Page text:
|Publication number||US6990113 B1|
|Application number||US 09/658,694|
|Publication date||Jan 24, 2006|
|Filing date||Sep 8, 2000|
|Priority date||Sep 8, 2000|
|Also published as||EP1187404A2, EP1187404A3|
|Publication number||09658694, 658694, US 6990113 B1, US 6990113B1, US-B1-6990113, US6990113 B1, US6990113B1|
|Inventors||Haining Wang, Chia Shen|
|Original Assignee||Mitsubishi Electric Research Labs., Inc.|
|Export Citation||BiBTeX, EndNote, RefMan|
|Patent Citations (12), Non-Patent Citations (3), Referenced by (59), Classifications (16), Legal Events (6)|
|External Links: USPTO, USPTO Assignment, Espacenet|
This invention relates generally to communications networks, and more particularly, to enhancing service in a packet switched network.
In the absence of quality-of-service (QoS) measures, best-effort service is the default behavior of packet-switched networks. Routers in the network make a best effort to deliver a packet, but may drop packets indiscriminately in the event of network congestion. The routers managing bandwidth and prioritize delay-sensitive packets. The Internet today is a good example of best-effort service. Best-effort is suitable for a wide range of networked applications such as general file transfers or e-mail.
However, there are many functions which are considered relatively more important or urgent than others. For example, in some applications involving the world-wide web (the “web”), it might be considered more important to receive and process commercial transactions than to permit browsing of certain types of information. Functions can also be considered relatively more important or urgent dependent on context. For example, a processing resource becomes overloaded. In such a case, it may be desired to give certain packets priority. For real-time streaming applications, such as audio/video deliver, jitter is a concern.
Jitter is distortion of a signal as it is propagated through the network, where the signal varies from its original reference timing, and packets do not arrive at a destination in consecutive order or on a timely basis, i.e., the packets vary in latency. In packet-switched networks, jitter is a distortion of the interpacket arrival times compared to the interpacket times of the original transmission. Also referred to as delay variance. This distortion is particularly damaging to multimedia traffic.
Therefore, many network, such as the Internet define a concept called quality of service (QoS). QoS is set of actions the network takes to configure and signal according to a particular traffic classification. QoS collectively measures the level of service delivered. QoS can be characterized by several basic performance criteria, including availability, error performance, response time and throughput, lost calls or transmissions due to network congestion, connection set-up time, and speed of fault detection and correction. Internet Service Providers ISPs) may guarantee a particular level of QoS, defined by a service level agreement (SLA). QoS solutions sort and classify packet requests into different traffic classes and allocates the proper resources to direct traffic based on various criteria including application type, user or application ID, source or destination IP address, time of day, and other user-specified variables.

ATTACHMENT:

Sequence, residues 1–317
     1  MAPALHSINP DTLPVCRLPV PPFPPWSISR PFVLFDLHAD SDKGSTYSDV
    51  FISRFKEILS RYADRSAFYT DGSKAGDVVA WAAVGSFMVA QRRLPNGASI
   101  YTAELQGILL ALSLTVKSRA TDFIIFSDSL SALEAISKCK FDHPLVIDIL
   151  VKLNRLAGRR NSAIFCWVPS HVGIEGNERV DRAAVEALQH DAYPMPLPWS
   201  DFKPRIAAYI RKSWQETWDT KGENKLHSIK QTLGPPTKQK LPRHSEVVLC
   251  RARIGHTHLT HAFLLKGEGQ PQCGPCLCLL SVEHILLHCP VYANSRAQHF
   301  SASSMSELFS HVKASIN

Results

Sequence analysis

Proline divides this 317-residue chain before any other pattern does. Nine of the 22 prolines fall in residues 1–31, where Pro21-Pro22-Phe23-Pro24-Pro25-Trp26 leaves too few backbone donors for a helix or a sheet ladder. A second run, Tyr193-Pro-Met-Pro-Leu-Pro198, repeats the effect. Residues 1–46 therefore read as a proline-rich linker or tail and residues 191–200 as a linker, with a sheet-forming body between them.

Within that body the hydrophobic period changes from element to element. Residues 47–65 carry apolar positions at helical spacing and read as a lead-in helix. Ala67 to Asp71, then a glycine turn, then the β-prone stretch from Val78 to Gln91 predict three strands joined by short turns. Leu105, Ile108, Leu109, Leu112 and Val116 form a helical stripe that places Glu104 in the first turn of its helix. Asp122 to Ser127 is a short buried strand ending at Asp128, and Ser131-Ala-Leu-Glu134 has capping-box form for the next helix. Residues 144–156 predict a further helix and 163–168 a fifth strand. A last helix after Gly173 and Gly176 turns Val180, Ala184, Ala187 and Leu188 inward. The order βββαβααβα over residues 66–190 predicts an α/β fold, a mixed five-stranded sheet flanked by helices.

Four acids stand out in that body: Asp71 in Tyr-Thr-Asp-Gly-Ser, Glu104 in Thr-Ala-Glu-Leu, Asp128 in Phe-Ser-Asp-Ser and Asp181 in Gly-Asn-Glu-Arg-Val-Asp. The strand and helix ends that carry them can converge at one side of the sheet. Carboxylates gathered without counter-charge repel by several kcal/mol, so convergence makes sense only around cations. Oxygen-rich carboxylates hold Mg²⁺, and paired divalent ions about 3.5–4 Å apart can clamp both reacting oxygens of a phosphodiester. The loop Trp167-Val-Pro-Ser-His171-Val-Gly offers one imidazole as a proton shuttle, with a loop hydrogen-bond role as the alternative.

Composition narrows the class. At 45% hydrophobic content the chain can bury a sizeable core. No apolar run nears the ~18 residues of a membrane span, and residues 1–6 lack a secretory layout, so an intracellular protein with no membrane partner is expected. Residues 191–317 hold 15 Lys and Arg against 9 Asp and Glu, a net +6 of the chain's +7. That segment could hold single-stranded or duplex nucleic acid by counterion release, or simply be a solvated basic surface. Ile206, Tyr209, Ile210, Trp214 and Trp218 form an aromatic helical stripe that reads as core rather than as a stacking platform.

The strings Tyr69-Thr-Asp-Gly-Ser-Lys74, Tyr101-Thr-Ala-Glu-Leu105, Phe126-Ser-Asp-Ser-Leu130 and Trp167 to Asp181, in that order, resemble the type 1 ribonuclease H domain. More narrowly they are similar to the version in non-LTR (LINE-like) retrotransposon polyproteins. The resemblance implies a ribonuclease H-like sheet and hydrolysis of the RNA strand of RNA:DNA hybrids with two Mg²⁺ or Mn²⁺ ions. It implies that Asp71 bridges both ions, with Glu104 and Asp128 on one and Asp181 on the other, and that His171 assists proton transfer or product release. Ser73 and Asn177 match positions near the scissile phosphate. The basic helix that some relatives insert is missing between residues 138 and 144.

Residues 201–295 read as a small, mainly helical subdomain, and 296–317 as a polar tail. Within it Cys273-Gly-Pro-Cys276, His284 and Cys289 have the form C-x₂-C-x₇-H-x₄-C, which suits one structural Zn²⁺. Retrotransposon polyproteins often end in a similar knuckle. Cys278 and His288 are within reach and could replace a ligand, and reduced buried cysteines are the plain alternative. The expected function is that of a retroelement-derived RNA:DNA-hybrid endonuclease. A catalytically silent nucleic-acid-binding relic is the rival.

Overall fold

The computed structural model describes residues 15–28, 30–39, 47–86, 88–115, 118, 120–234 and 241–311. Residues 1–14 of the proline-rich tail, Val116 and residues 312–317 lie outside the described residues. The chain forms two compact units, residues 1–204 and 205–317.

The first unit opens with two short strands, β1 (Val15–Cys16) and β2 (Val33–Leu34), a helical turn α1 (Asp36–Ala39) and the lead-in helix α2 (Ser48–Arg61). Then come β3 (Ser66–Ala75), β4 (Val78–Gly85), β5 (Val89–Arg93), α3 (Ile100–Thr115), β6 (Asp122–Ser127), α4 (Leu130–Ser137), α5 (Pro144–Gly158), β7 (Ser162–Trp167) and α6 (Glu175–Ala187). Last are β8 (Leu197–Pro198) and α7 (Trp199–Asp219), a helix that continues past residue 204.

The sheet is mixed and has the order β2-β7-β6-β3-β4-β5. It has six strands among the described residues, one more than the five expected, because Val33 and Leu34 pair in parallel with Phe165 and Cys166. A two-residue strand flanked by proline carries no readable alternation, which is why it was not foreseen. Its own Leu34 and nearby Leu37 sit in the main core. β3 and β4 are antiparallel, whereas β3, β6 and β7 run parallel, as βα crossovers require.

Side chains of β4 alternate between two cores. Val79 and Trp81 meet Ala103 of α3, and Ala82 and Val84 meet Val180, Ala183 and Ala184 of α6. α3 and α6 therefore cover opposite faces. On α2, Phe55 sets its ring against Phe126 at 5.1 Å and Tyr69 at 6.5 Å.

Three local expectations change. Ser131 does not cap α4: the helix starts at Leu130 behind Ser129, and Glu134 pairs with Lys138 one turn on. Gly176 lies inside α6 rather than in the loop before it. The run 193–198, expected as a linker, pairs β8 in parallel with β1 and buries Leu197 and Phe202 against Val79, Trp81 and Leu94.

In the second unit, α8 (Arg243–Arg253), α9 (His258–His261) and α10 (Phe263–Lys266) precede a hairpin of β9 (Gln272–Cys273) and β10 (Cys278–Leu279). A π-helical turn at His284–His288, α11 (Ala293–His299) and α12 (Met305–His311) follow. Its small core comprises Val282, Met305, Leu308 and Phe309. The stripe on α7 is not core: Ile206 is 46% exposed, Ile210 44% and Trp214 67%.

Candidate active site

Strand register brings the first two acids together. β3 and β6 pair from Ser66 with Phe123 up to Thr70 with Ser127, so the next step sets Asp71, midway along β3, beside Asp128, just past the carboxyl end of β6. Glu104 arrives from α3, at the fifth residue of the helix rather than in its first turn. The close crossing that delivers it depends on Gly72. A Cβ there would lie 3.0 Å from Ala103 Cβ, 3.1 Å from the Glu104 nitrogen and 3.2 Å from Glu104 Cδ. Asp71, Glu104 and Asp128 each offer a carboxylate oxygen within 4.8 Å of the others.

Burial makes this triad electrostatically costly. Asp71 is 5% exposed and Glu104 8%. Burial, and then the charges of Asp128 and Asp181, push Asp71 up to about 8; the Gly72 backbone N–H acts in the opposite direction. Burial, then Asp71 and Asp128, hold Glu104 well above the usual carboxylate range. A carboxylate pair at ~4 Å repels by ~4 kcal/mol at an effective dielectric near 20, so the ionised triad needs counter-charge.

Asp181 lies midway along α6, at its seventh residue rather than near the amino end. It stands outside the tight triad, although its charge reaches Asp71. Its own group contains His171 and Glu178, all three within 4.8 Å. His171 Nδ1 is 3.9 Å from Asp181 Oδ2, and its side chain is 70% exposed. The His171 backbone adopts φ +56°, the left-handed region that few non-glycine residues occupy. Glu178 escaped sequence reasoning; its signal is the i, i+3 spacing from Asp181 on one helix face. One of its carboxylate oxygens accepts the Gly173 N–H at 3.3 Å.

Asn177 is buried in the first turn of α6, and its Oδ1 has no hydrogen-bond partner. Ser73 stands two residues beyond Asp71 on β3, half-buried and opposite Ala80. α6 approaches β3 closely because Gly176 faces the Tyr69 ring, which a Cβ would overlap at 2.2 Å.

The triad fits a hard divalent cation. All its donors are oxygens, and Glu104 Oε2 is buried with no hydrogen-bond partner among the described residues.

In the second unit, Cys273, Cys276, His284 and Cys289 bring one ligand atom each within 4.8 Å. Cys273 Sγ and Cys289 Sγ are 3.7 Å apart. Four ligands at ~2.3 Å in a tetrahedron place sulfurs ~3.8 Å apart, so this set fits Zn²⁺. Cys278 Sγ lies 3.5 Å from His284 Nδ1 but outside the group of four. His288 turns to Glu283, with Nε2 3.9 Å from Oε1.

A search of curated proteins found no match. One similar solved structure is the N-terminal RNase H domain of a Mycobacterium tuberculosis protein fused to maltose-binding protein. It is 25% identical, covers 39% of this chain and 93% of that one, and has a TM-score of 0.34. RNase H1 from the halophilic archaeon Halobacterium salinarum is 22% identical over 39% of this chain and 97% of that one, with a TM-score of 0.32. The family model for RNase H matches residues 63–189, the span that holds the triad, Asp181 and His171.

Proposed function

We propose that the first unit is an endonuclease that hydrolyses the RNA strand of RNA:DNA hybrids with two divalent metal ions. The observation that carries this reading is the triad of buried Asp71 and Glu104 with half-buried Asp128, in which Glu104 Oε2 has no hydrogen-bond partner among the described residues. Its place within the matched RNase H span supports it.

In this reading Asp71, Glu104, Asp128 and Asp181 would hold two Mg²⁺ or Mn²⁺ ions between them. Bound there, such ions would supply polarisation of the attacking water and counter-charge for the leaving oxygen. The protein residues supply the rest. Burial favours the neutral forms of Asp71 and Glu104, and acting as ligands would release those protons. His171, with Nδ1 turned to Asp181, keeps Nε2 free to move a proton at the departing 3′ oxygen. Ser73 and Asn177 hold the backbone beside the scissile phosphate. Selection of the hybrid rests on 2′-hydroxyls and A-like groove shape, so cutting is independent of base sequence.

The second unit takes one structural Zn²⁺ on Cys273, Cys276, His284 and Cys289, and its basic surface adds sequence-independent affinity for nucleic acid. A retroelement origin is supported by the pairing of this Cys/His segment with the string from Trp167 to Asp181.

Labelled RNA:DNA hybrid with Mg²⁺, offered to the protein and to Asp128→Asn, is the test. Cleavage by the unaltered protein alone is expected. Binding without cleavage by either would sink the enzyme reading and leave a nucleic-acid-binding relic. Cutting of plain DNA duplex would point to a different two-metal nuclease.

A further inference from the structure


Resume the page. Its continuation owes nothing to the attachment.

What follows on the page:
In order to provide end-to-end quality-of-service in the Internet, the Internet Engineering Task Force (IETF) has defined two major architectures for augmenting best-effort service, namely, Integrated Services (IntServ), and Differentiated Services (DiffServ).
In the network data plane of the IntServ architecture, scheduling schemes such as Weighted Fair Queuing (WFQ), Virtual Clock (VC) and Rate-Controlled Earliest Deadline First (RC-EDF) have been proposed to support guaranteed service. In the control plane, a signaling protocol called a Resource ReSerVation Protocol (RSVP) is required to perform admission control and resource reservation. While IntServ provides excellent quality of service, it requires per-flow management at core routers, which places an unbearable burden on core routers.
Due to the poor scalability of the IntServ architecture, DiffServ has been proposed as an alternative architecture. DiffServ is an IETF standard utilizing a small, well-defined set of per-packet building blocks from which a variety of services may be built to provide a framework for delivering quality of service (QoS) in networks. At least two service classes have been defined under this effort, “Assured Service” and “Preferred Service.”
DiffServ can provide expedited handling appropriate for a wide class of applications, including lower delay for mission-critical applications and packet voice applications. DiffServ-capable routers need only to track a small number of per-hop behaviors, and the routers service packets based on a single byte. Typically, DiffServ is associated with a coarse level of packet classification.
In the network data plane of the DiffServ, per-flow state management at core routers are eliminated. Based on bit patterns of the differentiated service (DS) field in the IP header, IP flows are classified into different aggregates.
A core router merely implements simple scheduling and buffering mechanisms to serve the aggregated flows. In other words, the services are provided for aggregates, instead of individual flows, and defined by a small set of Per-Hop Behaviors (PHBs).
Per Hop Behavior is the forwarding treatment given to a specific class of traffic, based on criteria defined in the DS. Routers and switches use PHBs to determine priorities for servicing various traffic flows. A PHB group is a set of one or more PHBs that can only be meaningfully specified and implemented simultaneously, due to a common constraint applying to all PHBs in the set such as a queue servicing or queue management policy. A PHB group provides a service building block that allows a set of related forwarding behaviors to be specified together, e.g., four dropping priorities.
By pushing the complexity to edge routers, DiffServ's data plane is much more scalable than IntServ. While DiffServ is more scalable, it still requires the support of admission control, resource provisioning, and service-level agreement on the control plane.